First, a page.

Sanya Weathers - who used the new job as a chance to cast off her maiden name Sanya Thomas - raised a lot of eyebrows when she left EA Mythic earlier this year and eventually landed at the previously unheralded GuildCafe (guildcafe.com). Usually, famous industry people move from websites to top tier developers, not the other way around. A self described "community nerd", Weathers sees her new job as a link in that community chain. The leap from Director of Community Relations at EA Mythic to this site was thus not as large as it may seem on paper. GuildCafe is hard at work on the foundations of a tool that they believe will eventually be an indispensable tool for MMO guild leaders and those that hope to join them.
First the disclaimer: Weathers told us that GuildCafe.com as it exists today is a prototype, which lacks much of the envisioned functionality. In other words, don't judge her by where they are now, but by where they're going.
Traditionally, large MMO guilds can spend hundreds of hours alone on recruitment. GuildCafe hopes to simplify the process. They'll allow individuals to create profiles for their gaming selves, complete with MMO resumes. Guild leaders can then sift, sort and filter to find the very best candidates for their group.
On the other hand, what Weathers calls a "guild purity test" allows gamers to audition guilds. Like a real purity test (Google it), this questionnaire determines the personality of a guild. If someone hopes to find a group of carebears, look for high purity. If someone else is the type that most recently harvested children in a certain FPS, then the purity test will find the guild for them.
This database of MMO gamers also acts as the "MMO facebook". The reason Facebook itself doesn't work is that no one uses real names in these games. If someone wishes to find that long lost friend from some old MUD they played in 1994, a search of the database might just do the trick.
"Guilds and guild leaders are the center pieces of the community," Weathers explained. The site may never have the reach of an advertisement in PC Gamer or on Gamespot, but it does preach to the very influencers that game companies need to convert. Weathers pointed out that an ad in a major magazine might only be of interest to one of ten people reading, while that same thing on GuildCafe could potentially reach more than the actual numbers of eyeballs if people bring their entire guilds in with them.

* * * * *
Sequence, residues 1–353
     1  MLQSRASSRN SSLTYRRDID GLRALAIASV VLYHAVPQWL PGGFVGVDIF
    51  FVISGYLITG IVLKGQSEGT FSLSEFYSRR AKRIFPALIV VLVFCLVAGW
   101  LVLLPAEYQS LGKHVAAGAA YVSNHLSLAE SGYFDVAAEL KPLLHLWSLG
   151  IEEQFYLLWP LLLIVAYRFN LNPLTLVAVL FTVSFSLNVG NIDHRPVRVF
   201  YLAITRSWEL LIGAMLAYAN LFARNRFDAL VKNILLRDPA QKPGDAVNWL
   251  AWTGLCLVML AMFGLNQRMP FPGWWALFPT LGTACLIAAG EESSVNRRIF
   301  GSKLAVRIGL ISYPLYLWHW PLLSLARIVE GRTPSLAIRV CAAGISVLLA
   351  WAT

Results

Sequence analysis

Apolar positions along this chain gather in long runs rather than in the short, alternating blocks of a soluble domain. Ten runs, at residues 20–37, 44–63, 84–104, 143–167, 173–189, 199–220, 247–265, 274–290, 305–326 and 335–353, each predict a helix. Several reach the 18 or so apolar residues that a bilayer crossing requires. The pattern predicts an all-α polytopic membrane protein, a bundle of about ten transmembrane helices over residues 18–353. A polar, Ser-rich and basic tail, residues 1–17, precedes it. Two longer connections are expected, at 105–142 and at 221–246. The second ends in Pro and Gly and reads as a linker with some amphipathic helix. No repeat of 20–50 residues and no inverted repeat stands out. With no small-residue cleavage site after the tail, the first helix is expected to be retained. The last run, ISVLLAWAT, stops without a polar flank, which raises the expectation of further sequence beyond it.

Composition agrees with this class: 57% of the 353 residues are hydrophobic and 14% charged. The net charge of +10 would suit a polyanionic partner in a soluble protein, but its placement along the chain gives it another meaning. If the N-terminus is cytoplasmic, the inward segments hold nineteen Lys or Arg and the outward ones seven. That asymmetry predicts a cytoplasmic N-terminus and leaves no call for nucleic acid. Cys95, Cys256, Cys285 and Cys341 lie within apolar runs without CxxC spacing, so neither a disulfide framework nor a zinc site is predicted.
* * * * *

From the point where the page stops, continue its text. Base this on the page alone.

Another prong of this very Web 2.0 project is "Player Vox", their community magazine. There people will a wealth of member submitted content, such as guild spotlights and guides that are appropriate to guild leaders or members. On top of that, their news system is entirely player driven, much like digg.
GuildCafe also intends to provide website and forum hosting, but Weathers admits that it is not really a primary focus of the company. Plenty of others do it and do it well and while the option is there, it is not necessarily a major part of their strategy.
There are plenty of other ideas stirring around their Boston offices. Weathers envisions a kind of online history of MMOs told through chronological, player-submitted anecdotes. "The Internet can be a web," she told us with a snort. Another neat idea is an achievement system, not unlike what Xbox Live uses. The twist? While people can earn them through their website, they also hope to partner with game companies and offer badges linked to in-game characters and determined through XML feeds. Thus, potentially, a player could get a badge on GuildCafe for a new level in World of Warcraft.
The team at GuildCafe is currently hard at work on all these innovations and face tough competition in a specialized segment of the MMO community market, but with the willingness to invest in people like Sanya Weathers, they are definitely an outfit to watch.
For more information and a chance to see where they are today, check out GuildCafe.com.
Comments are welcome on our forums.